If you know that he is righteous, 

The character of Jesus is important for us to understand. Just as a branch grows with the characteristics of the vine, so Christians grow with the characteristics of Jesus. Indeed all people grow with the characteristics of the one they serve. Jesus is righteous. He never sinned. He is perfect. Paul tells us that Christians have been created in Christ Jesus for good works. Who and how Jesus is defines who and how we are if we are abiding in him.

you may be sure that everyone who practices righteousness has been born of him.

It is important to note that John does not say, “Everyone who practices righteousness will be born of him.” Being born of Jesus is not the result of practicing righteousness. It is the other way around. If someone is walking in righteousness in accord with the Word of God, it is because they have been born of Jesus. Faith in Christ brings about transformation that might be mimicked but cannot be produced any other way.

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That Last Paragraph Though…

There has been a lot of talk about the last paragraph of the SCOTUS decision, the beauty of it, the grace, the wonder. Rightly so. It is a beautiful piece of writing. It states,

No union is more profound than marriage, for it embodies the  highest ideals of love, fidelity, devotion, sacrifice, and family. In forming a marital union, two people become something greater than once they were. As some of the petitioners in these cases demonstrate, marriage embodies a love that may endure even past death. It would misunderstand these men and women to say they disrespect the idea of marriage. Their plea is that they do respect it, respect it so deeply that they seek to find its fulfillment for themselves. Their hope is not to be condemned to live in loneliness, excluded form one of civilization’s oldest institutions. They ask for equal dignity in the eyes of the law. The Constitution grants them that right.

Nevermind whether or not the constitution does or doesn’t grant anyone anything. Despite the fact that I am a young(ish) Christian with a beard, lots of kids, a 4×4 truck with window stickers, and a fighting spirit who was rather drawn to crazy uncle Ron, and thinks the “Don’t Tread on Me” flag is kind of hardcore and therefore awesome, I actually know almost nothing about constitutional law. The constitutionality of the decision is simply not my issue. My issue is, and I think the church’s issue should be, the fact that if we take out the clause about the petitioners (because in our fear and pride it gets our dander up to even hear “them” mentioned in relation to marriage) and focus on how the court has talked of marriage, many (perhaps most) Christians would agree wholeheartedly. Look at just those words.

No union is more profound than marriage, for it embodies the  highest ideals of love, fidelity, devotion, sacrifice, and family. In forming a marital union, two people become something greater than once they were. Marriage embodies a love that may endure even past death.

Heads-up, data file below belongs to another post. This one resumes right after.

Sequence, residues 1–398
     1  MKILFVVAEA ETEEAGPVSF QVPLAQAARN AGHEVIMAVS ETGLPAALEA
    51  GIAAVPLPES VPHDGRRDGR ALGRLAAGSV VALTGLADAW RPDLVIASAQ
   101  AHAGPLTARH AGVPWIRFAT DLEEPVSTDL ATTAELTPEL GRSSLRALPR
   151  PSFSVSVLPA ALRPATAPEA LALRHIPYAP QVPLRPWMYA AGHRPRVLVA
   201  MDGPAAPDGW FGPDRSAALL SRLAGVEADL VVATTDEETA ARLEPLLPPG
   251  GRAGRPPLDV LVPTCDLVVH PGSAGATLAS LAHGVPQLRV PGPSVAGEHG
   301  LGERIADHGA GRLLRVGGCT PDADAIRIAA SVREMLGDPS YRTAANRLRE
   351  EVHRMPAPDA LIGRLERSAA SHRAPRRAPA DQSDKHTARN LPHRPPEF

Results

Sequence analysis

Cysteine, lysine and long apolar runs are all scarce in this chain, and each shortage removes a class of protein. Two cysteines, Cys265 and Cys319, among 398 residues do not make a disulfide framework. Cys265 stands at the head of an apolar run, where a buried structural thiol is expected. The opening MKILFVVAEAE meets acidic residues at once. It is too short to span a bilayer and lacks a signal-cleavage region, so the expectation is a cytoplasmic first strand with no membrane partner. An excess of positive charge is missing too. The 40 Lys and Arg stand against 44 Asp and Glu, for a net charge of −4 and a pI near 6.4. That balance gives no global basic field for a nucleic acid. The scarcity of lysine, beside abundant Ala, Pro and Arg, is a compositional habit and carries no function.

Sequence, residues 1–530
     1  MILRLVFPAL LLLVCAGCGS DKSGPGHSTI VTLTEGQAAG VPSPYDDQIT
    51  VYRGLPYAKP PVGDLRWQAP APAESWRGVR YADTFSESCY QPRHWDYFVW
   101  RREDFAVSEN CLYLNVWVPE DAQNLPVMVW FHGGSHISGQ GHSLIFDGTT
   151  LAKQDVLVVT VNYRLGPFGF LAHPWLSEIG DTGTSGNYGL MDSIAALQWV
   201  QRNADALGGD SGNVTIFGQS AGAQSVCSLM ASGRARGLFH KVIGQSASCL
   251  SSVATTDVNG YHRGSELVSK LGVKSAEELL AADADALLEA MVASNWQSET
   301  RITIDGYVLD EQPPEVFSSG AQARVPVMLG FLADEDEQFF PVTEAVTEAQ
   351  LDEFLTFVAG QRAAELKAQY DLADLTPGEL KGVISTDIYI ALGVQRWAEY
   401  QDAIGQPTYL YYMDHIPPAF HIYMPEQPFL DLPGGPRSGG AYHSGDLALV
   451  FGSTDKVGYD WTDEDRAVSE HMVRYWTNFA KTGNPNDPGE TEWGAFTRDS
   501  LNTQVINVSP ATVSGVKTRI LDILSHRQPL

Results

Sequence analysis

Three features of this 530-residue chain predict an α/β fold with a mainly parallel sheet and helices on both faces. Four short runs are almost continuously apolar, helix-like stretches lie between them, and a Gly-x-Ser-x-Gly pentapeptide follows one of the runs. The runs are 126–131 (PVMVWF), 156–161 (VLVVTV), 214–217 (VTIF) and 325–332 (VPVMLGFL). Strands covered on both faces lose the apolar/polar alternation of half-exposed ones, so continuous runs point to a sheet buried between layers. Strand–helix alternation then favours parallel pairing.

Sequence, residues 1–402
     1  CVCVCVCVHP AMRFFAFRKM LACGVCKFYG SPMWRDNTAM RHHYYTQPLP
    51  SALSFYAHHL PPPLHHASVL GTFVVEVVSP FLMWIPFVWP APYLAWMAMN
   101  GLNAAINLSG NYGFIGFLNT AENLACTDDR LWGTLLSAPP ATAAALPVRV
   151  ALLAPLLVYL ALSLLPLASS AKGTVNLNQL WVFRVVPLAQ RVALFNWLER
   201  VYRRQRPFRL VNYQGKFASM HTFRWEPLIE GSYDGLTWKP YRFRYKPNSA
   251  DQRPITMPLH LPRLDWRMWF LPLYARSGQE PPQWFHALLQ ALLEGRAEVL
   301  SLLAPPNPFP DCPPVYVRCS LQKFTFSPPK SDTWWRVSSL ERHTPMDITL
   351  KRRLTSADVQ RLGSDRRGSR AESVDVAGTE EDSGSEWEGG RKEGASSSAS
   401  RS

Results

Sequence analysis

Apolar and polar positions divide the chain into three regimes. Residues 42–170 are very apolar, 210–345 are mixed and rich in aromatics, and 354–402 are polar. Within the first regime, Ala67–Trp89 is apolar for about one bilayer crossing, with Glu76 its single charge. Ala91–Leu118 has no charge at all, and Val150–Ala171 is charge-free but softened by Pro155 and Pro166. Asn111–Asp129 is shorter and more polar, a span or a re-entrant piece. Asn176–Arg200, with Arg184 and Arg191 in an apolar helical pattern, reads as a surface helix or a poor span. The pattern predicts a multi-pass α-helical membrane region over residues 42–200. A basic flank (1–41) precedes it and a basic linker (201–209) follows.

In my estimation, a significant part of the church’s struggle in understanding how to relate to and love people in the LGBTQ community is that we affirm the above statements and then tell them they can’t have it. We say, “Marriage is the greatest thing ever.” We endlessly organize marriage conferences. We celebrate family, even including “family” in the names of our churches. We preach endless sermon series on marriage. We talk about how awesome sex is – in the context of marriage. We tell our youth these are the things to which they should be looking forward. We talk about widows and widowers passing away as going to be reunited with their spouse in heaven. But here is the problem. Biblically speaking, there is a union more profound than marriage. Marriage does not embody the highest ideals of love, fidelity, devotion, sacrifice, and family. In forming a marital union, two people don’t become something greater than once they were. Marriage doesn’t embody a love that may endure even past death. The SCOTUS decision is essentially saying that in marriage we find our identity, security, and hope. In so far as the church has taught what is proclaimed in these few lines of the SCOTUS decision, she has taught her people to look to marriage for their identity, security, and hope. In so far as the church has taught or even encouraged people to look to marriage for their identity, security, and hope, the church has led her people in idolatry.

The Bible (most clearly in Ephesians 5:22ff) teaches that marriage is a picture of a greater union – the union of Christ and his church. The Bible teaches that the love, fidelity, devotion, sacrifice, and family in marriage is a love, fidelity, devotion, sacrifice, and family that is dependent on a greater love, fidelity, devotion, sacrifice, and family – the love, fidelity, devotion, sacrifice, and family secured for us and given to us by Jesus. The Bible does affirm that the two become one flesh, perhaps this could be fairly stated as it is the SCOTUS decision, but the fact remains, as a married man, I am fundamentally the same, a sinner in need of grace. I haven’t, by getting married, achieved some higher plane of existence – I still need Jesus. The Bible teaches that in the New Heavens and New Earth marriage won’t continue; rather, the reality to which marriage pointed will be fully consummated and unaffected by sin and no longer pictured by a shadow of the reality.